The alleged breach is being sold online by the hacker, with samples reportedly appearing to be legitimate data of Chinese citizens.
An anonymous hacker has claimed to have stolen a trove of data from the Shanghai police on 1bn Chinese citizens, in what would be one of the biggest data breaches in history if its true.
The threat actor posted the announcement on a hacker forum using the handle “ChinaDan”. The hacker said the alleged stolen data includes names, addresses, birthplaces, national IDs, mobile numbers and criminal case information.
The hacker has offered to sell more than 23Tb of data for 10 bitcoin, which is worth roughly $200,000. The scale of the claim has lead to many groups working to verify if the hack is legitimate and how it could have occurred.
Binance CEO Changpeng Zhao or “CZ” tweeted that the company’s threat intelligence detected 1bn “resident records” for sale in the dark web and said it was “likely due to a bug in an Elastic Search deployment” by a government agency.
The hacker said the data was exfiltrated from a from a local private cloud provided by Alibaba Cloud which is part of the Chinese police network, according to BleepingComputer.
Wall Street Journal reporter Karen Hao said on Twitter that she downloaded the data sample which the hacker shared online. After calling dozens of the people listed, she said nine picked up and “confirmed exactly what the data said.”.
“At this point, it’s impossible to confirm the scale of the data leak, but five of the people who picked up verified all of the case details listed with their name — information that would be difficult to obtain from any source other than the police,” Hao said on Twitter.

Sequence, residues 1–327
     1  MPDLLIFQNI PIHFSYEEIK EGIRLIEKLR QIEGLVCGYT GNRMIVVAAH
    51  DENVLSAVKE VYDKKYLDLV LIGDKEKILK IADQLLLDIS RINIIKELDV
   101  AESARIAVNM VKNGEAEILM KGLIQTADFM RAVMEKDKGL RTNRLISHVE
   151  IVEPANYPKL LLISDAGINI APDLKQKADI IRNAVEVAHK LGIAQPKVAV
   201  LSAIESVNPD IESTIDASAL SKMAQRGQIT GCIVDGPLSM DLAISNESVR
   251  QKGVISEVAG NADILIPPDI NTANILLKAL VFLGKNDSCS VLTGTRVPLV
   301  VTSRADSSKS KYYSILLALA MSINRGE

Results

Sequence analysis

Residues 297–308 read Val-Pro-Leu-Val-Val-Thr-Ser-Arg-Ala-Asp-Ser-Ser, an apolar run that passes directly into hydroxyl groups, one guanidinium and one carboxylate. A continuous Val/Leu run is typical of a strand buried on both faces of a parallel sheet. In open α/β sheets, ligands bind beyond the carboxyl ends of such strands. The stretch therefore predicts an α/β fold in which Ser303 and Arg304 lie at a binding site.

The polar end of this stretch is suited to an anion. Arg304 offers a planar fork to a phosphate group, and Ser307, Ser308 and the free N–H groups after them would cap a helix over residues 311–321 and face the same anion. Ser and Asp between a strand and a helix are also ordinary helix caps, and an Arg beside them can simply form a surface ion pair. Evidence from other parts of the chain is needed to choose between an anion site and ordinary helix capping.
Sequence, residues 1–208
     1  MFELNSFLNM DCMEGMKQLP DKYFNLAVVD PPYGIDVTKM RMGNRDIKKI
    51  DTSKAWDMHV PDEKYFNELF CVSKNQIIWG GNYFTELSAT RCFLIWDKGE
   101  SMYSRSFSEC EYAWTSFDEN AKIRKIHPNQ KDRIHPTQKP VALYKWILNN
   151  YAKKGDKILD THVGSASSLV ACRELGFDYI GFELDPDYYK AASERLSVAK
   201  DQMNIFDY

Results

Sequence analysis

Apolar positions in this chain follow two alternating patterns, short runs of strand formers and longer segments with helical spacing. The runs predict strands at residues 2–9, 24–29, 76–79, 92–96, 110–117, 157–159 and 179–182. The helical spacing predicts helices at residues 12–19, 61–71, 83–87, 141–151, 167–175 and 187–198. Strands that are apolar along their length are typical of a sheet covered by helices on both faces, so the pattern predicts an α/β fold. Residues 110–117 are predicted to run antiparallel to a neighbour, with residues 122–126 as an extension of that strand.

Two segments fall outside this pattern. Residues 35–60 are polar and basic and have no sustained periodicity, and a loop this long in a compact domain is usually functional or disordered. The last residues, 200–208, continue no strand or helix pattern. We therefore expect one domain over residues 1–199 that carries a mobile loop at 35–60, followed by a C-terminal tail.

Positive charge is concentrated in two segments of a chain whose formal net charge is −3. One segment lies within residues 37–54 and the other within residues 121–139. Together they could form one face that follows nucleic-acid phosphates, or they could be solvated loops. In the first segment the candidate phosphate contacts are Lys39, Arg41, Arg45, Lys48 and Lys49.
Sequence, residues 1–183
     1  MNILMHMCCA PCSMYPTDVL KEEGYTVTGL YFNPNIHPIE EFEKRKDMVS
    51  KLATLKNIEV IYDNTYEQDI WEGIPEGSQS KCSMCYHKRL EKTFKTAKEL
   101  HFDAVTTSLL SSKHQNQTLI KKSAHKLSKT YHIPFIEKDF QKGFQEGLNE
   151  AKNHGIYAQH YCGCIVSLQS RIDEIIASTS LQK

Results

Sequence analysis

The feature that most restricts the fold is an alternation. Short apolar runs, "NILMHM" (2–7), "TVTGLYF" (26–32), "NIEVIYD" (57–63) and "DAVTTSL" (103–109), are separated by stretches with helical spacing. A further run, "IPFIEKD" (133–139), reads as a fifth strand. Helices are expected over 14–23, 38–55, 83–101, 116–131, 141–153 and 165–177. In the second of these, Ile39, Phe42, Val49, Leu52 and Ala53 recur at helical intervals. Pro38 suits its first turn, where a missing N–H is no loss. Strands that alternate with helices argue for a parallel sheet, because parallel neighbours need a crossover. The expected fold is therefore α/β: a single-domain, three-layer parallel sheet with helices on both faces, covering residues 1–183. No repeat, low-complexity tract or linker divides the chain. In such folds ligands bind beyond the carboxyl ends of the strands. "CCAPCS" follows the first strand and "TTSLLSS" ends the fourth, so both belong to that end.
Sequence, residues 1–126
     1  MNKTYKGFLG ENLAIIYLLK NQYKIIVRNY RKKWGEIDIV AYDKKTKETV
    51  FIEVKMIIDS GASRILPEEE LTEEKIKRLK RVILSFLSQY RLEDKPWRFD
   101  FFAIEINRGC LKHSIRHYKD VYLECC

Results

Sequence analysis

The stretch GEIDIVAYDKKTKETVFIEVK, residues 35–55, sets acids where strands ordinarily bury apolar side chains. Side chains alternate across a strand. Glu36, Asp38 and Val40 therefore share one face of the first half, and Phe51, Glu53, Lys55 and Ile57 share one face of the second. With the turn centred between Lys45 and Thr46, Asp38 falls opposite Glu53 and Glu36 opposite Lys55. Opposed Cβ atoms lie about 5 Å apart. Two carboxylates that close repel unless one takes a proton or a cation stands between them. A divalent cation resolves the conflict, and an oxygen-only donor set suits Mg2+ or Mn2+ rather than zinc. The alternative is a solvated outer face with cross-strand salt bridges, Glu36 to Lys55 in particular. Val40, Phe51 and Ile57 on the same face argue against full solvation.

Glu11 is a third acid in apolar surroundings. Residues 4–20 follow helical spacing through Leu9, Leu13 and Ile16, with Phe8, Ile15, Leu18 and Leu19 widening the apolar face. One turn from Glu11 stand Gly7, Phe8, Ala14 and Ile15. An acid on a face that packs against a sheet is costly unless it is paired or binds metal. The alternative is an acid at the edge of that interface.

The cases range from incidents of petty theft and cyber fraud to reports of domestic violence, dating as far back as 1995 to as recently as 2019.
— Karen Hao 郝珂灵 (@_KarenHao) July 4, 2022
Hao said experts remain “cautious” about the claim that the hack involves 1bn people, as the hacker could be exaggerating to boost financial gain.
“Have I Been Pwned” creator Troy Hunt tweeted that he spoke to Hao about the alleged breach and said it is “pretty sensational if true”. He added that it “isn’t data aggregator stuff either, it’s police reports so very unique data”.
Third-party weak spots
CEO of cybersecurity product provider X-PHY, Camellia Chan, said we now live in a world where stories of data breaches are regular, but “everyone should sit up and take notice” when claims of this scale are made.
Chan referenced the theory that the alleged hack occurred via a third-party infrastructure provider and said organisations should remember that cybersecurity needs to be “holistic”.
“Cybercriminals will look for any way in, so even if a company feels that they have all internal processes locked down – which is statistically unlikely – the third-party they use to deliver office milk or some other service may not,” Chan said. “That’s their weak spot.”
Bill Conner, cybersecurity advisor and CEO of SonicWall, said personally identifiable information is highly sought after by cybercriminals for monetary gain.
“Organisations and government entities carry a responsibility to consumers and civilians alike to guard their most valuable information at all cost,” Conner said. “Personal information that does not change as easily as a credit card or bank account number drive a high price on the dark web.”
The type of data breaches and cyberattacks appear to have grown more varied and unique recently. The British Army is conducting an investigation after its Youtube and Twitter accounts were hacked and were used to share posts about cryptocurrencies and NFTs.
Earlier this month, it was reported that a worker in Japan lost a USB that contained the details of an entire city of people, which was roughly half a million citizens.
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